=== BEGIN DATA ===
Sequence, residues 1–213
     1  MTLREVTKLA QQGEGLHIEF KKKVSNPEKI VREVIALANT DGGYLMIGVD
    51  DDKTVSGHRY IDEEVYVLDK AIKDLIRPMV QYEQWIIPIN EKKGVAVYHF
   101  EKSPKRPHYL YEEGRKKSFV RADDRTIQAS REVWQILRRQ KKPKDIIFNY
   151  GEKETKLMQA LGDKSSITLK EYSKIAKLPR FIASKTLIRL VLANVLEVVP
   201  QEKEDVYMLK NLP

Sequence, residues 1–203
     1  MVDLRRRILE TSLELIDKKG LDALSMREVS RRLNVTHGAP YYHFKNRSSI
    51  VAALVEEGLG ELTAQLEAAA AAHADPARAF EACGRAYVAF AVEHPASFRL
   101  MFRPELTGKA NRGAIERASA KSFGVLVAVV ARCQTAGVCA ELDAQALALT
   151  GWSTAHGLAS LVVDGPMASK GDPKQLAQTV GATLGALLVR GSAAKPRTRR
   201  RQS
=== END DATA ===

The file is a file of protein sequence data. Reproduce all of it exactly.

Sequence, residues 1–213
     1  MTLREVTKLA QQGEGLHIEF KKKVSNPEKI VREVIALANT DGGYLMIGVD
    51  DDKTVSGHRY IDEEVYVLDK AIKDLIRPMV QYEQWIIPIN EKKGVAVYHF
   101  EKSPKRPHYL YEEGRKKSFV RADDRTIQAS REVWQILRRQ KKPKDIIFNY
   151  GEKETKLMQA LGDKSSITLK EYSKIAKLPR FIASKTLIRL VLANVLEVVP
   201  QEKEDVYMLK NLP

Sequence, residues 1–203
     1  MVDLRRRILE TSLELIDKKG LDALSMREVS RRLNVTHGAP YYHFKNRSSI
    51  VAALVEEGLG ELTAQLEAAA AAHADPARAF EACGRAYVAF AVEHPASFRL
   101  MFRPELTGKA NRGAIERASA KSFGVLVAVV ARCQTAGVCA ELDAQALALT
   151  GWSTAHGLAS LVVDGPMASK GDPKQLAQTV GATLGALLVR GSAAKPRTRR
   201  RQS